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Descended from the same stock as the Stoors2
Raised in a settlement by the Gladden River, Gollum later concealed himself beneath Goblin-town for centuries before emerging to seek his lost 'Precious'
Said to derive from the guttural swallowing noises this creature habitually made
Other names


About this entry:

  • Updated 21 February 2023
  • Updates planned: 1


Wretched slave to the One Ring

Map of the journeys of Gollum

(White) (1) After coming into possession of the Ring, Gollum travels into the Misty Mountains, where he remains from about III 2470 until his encounter with Bilbo Baggins. (2) He follows Bilbo's trail to Dale. (3) Having lost the trail he returns to the Vales of Anduin and wanders for about thirty years, finding himself drawn southwards. (4) On the borders of Mordor, he is captured by Sauron.

(Yellow) (5) Released from Mordor, he is captured by Aragorn, who takes him north to the Woodland Realm (6). He escapes and flees southward through the Forest; hiding in Moria, he is unable to escape through the West-gate.

(Green) (7) The Company of the Ring enter Moria and Gollum follows them. Passing southward around Lórien he follows them down the Great River until challenged above Sarn Gebir (8). Frodo and Sam later encounter him in the Emyn Muil, and he leads them to Cirith Ungol (9) where he betrays them. (10) He appears at Mount Doom and falls to his death with the Ring.

(White) (1) After coming into possession of the Ring, Gollum travels into the Misty Mountains, where he remains from about III 2470 until his encounter with Bilbo Baggins. (2) He follows Bilbo's trail to Dale. (3) Having lost the trail he returns to the Vales of Anduin and wanders for about thirty years, finding himself drawn southwards. (4) On the borders of Mordor, he is captured by Sauron.

(Yellow) (5) Released from Mordor, he is captured by Aragorn, who takes him north to the Woodland Realm (6). He escapes and flees southward through the Forest; hiding in Moria, he is unable to escape through the West-gate.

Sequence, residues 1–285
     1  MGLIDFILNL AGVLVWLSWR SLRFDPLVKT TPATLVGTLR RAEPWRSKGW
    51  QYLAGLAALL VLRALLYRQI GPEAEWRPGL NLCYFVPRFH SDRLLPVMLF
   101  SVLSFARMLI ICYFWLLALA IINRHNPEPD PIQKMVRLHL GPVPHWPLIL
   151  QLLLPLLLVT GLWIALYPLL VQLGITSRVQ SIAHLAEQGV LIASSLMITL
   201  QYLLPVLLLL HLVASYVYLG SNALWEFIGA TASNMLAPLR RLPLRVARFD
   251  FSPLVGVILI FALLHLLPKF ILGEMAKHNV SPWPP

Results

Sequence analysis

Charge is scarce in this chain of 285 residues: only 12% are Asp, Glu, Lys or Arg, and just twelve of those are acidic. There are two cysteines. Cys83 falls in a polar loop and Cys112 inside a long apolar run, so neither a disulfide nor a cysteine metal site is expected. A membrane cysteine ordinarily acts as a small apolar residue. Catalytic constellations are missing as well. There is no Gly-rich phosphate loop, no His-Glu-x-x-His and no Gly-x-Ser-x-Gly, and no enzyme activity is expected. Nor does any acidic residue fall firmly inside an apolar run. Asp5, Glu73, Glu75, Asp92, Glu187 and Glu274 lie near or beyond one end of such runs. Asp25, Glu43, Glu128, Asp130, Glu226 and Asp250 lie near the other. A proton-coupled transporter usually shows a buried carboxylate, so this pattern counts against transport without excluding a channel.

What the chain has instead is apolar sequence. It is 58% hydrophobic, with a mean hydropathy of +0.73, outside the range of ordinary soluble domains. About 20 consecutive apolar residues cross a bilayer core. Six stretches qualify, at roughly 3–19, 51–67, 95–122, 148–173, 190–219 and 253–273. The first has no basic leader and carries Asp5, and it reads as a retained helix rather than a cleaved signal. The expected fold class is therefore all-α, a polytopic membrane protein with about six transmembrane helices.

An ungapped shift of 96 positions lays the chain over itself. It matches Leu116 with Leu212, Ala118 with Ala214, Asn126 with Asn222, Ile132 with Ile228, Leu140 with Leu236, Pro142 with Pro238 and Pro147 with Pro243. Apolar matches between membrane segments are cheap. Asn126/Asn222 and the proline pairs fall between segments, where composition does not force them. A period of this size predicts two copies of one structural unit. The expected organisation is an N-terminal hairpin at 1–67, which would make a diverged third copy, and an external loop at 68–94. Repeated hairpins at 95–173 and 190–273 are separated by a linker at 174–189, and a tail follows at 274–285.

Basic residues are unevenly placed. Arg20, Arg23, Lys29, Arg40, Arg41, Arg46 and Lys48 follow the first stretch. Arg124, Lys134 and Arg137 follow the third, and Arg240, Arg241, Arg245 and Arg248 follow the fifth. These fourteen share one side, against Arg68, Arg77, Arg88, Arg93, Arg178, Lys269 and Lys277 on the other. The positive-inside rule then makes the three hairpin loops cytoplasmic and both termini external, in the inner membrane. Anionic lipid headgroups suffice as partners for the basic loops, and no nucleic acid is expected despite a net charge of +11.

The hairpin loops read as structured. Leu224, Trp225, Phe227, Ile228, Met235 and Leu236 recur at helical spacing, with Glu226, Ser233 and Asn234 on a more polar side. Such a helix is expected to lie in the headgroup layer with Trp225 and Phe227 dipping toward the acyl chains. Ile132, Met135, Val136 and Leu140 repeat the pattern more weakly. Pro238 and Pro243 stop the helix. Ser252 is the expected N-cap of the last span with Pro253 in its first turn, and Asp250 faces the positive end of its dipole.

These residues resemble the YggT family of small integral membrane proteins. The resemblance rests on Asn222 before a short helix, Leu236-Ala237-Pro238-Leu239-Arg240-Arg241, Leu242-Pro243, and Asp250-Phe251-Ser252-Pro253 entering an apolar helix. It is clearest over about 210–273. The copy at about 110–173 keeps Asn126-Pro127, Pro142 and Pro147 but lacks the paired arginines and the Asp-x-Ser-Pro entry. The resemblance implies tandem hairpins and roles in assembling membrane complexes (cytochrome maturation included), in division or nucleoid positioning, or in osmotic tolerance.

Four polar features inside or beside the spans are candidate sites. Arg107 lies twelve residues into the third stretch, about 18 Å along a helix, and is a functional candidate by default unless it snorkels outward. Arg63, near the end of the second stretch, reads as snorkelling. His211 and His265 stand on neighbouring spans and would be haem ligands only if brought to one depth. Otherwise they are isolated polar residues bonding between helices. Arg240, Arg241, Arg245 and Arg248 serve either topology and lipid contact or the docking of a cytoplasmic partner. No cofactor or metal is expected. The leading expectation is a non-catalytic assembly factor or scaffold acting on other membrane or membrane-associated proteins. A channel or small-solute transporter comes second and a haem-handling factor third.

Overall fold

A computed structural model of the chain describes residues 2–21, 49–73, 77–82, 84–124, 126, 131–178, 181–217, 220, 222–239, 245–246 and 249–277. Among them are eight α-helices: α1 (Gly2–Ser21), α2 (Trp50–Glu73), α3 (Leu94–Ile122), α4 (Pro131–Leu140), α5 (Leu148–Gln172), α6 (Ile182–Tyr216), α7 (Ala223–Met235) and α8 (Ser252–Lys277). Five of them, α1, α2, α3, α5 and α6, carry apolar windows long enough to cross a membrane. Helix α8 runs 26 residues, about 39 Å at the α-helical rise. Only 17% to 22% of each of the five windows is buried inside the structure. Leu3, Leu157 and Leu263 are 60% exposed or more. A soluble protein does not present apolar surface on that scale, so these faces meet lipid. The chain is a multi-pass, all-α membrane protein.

(Green) (7) The Company of the Ring enter Moria and Gollum follows them. Passing southward around Lórien he follows them down the Great River until challenged above Sarn Gebir (8). Frodo and Sam later encounter him in the Emyn Muil, and he leads them to Cirith Ungol (9) where he betrays them. (10) He appears at Mount Doom and falls to his death with the Ring.

The later name for the creature originally known as Sméagol, who acquired the name 'Gollum' due to a characteristic swallowing sound he made in his throat when he was angry or frightened. He came from a people of Hobbit-kind, but he lingered for centuries beneath the Misty Mountains, and this changed him utterly, leaving him with pallid skin, webbed feet, and a large head on a long neck. His eyes shone like green lamps in the dark, and his sense of smell became acute, but he had only six teeth remaining (which he had sharpened into fangs) and a thin remnant of hair on his head. He wore nothing but rags.

Gollum's long life in the tunnels beneath the Mountains gave him a peculiar gait, and he ran with his back bent over and his hands near the ground. He was sly and devious by nature, and long years spent alone had given him a strange mode of speech: he would speak in a hissing voice to himself, often calling himself 'Precious' under the influence of the Ring.

Early Life

We are not told exactly when Sméagol was born, and we have little detail about his early life. He appears to have been an orphan, and lived in a smial by the Great River with the matriarch of his clan (whom he described as his 'grandmother', though this may not be literally true). He spent this time listening to tales of distant lands, fishing and stealing eggs, and also playing the Riddle-game with his fellow Hobbits (a fact that, long afterwards, would play a crucial part in his story).

In about the year III 2463, Sméagol and his companion Déagol went fishing together among the Gladden Fields. There Déagol was pulled into the river by a great fish, and when he made his way to the bank he had in his hand a golden Ring. Sméagol demanded the Ring, claiming it as a birthday present, and when Déagol refused, Sméagol killed his friend and took the Ring for himself.

Hiding Déagol's body, Sméagol returned to his people and soon discovered the power of his new Ring: it made him invisible. He used his new power to thieve and to discover secrets, and soon became despised by the others of his kind. It was at this time that he took to making a gurgling, swallowing noise that first earned him the name Gollum. At last the Hobbits of the riverbank tired of Gollum's secretive and devious ways, and he found himself expelled from his community.

Gollum wandered away northwards up the Vales of Anduin, until in about the year III 2470 (some seven years after he acquired the Ring) he came upon a stream flowing down from the Misty Mountains. Following the stream to its source, he found a way into the lightless depths beneath the mountains, and so began a long and miserable existence in solitary darkness.

Gollum Beneath the Mountains